After we finished watching the clips, director Jon Favreau joined us in the tent where we were gathered, which was adjacent to the set of the hot Santa Fe desert canyon where they were shooting that day. The generous and extremely gracious director surprised us when he began our interview by giving us a gift. "I got started on Iron Man wear we worked with military people a lot and so I had these challenge coins made up," said Favreau. The director went on to explain. "We would work with the Air Force a lot, on Iron Man, Iron Man 2, we were at Edwards Air Force Base. I would shake hands with people, and I would feel like they would stick a coin in my hands and it was a challenge coin. The reason they call it a challenge coin is because if you don't have your unit coin with you when you're out drinking, and somebody taps your glass at the bar, if anybody in the bar doesn't have a coin, they have to buy a round for everybody. But if you challenge everybody and everybody has it, you have to buy the round. But it was also a sign of respect, that they liked the way the crew was and the way we treated them. It was a sign of respect to give a coin. So I had them made up for Iron Man 2. It became like a tradition. So I had them made up for Cowboys and Aliens also. I made them look a little more old school, 'Cowboys' on one side and 'Aliens' on the other and it says, 'Director Jon Favreau.' So sometimes when people visit, we work with people, I'll give them a coin and it's a nice thing because it says you visited the set, you can't get it anywhere else. So I got it for you guys," explained Favreau.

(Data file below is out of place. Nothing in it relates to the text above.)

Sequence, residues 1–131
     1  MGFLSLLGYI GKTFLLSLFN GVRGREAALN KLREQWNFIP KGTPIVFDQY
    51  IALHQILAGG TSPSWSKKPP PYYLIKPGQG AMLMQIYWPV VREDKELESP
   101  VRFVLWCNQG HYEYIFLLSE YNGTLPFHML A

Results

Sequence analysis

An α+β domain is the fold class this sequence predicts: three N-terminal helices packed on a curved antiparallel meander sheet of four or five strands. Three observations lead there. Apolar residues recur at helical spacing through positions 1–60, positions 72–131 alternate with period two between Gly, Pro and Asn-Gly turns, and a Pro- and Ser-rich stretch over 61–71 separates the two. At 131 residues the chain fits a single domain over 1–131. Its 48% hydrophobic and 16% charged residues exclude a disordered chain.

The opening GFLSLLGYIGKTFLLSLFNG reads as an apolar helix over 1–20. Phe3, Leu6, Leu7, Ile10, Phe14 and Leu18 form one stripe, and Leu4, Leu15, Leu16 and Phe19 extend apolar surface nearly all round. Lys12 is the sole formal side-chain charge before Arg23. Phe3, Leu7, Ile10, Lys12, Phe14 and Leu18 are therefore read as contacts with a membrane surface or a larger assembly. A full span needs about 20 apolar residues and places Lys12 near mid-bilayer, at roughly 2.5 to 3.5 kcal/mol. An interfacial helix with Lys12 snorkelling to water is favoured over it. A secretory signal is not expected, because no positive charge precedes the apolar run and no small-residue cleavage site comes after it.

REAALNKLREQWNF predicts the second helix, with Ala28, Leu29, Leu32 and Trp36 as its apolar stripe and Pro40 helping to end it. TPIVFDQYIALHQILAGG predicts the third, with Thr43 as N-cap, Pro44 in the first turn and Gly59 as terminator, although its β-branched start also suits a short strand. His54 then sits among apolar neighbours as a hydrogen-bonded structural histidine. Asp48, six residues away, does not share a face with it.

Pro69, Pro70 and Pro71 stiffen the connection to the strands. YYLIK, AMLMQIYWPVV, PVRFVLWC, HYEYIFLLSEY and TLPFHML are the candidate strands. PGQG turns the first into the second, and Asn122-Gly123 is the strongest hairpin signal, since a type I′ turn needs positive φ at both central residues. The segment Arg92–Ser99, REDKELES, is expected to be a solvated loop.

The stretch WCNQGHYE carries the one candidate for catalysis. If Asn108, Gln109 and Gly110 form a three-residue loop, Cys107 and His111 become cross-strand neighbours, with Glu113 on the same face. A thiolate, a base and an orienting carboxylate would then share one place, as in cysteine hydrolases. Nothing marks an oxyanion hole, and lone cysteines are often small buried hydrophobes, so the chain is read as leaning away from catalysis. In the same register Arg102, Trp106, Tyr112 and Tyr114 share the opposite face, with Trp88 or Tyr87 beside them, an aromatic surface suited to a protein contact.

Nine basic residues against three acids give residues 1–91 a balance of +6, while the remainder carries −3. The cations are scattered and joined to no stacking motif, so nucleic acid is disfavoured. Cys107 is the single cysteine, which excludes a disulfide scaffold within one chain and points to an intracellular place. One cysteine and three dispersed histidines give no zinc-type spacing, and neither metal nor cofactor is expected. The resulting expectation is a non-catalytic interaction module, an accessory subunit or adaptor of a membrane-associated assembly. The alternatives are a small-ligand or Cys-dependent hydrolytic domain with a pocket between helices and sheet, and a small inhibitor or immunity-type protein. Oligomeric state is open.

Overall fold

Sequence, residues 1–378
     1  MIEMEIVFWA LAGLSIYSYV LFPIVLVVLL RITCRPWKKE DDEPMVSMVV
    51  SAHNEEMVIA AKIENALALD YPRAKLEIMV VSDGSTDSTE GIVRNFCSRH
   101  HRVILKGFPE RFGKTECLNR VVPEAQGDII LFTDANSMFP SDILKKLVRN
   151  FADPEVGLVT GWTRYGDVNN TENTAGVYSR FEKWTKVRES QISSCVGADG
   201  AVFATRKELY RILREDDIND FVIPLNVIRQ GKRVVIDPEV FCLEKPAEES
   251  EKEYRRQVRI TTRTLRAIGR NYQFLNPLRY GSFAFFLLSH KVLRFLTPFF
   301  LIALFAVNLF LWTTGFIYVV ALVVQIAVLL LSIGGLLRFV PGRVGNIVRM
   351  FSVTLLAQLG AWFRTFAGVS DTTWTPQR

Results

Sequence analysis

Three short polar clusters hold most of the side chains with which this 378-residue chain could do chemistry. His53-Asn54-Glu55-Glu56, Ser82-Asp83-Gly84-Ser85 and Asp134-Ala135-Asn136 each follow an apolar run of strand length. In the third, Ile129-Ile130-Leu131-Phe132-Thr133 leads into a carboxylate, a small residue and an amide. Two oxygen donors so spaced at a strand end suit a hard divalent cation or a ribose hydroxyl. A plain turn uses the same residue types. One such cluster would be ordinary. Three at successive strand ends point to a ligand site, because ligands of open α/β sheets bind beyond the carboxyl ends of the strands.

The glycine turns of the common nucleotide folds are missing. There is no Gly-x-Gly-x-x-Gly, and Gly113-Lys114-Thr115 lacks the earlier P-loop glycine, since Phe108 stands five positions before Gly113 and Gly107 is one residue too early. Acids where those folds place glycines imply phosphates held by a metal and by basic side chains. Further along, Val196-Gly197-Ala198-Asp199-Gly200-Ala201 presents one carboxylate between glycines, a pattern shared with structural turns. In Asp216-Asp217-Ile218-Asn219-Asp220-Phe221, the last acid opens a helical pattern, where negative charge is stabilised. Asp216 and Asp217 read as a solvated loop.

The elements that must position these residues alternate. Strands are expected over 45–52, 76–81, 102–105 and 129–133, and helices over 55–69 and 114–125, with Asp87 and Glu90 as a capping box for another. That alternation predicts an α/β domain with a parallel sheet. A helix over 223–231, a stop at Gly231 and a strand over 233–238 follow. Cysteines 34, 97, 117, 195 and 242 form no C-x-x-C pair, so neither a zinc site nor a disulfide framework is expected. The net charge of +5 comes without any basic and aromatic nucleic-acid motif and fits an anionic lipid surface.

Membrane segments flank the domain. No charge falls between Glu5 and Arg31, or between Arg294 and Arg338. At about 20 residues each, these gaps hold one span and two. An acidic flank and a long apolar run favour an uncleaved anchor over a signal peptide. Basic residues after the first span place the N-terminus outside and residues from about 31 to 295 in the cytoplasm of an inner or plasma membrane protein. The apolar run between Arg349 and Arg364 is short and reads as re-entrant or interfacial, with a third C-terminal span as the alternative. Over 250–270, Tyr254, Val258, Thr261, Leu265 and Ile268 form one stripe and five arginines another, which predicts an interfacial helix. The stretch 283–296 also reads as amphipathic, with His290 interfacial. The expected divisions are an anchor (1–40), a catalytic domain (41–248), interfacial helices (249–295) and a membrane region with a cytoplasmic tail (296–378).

The director went on to discuss how the Western aspect of the film will be handled. "Then for the Western, we really tried to embrace that and not try to update it too much or change it to make it more accessible for a younger audience. We figured that the alien side of things hopefully would take care of the people who don't know the Western, but for people who love Westerns, let's do it using all the archetypes of the classic Western films," Favreau explained. "So we're really trying to do something classic here. Something that feels like it could have been made at an earlier time, except for the technology, but again, using as much practical as we possibly can, then using CGI to help make it look better. As you can see, we're sort of shooting these backgrounds here that a lot of movies would just shoot in a convenient place and put that in. We really found these wonderful locations."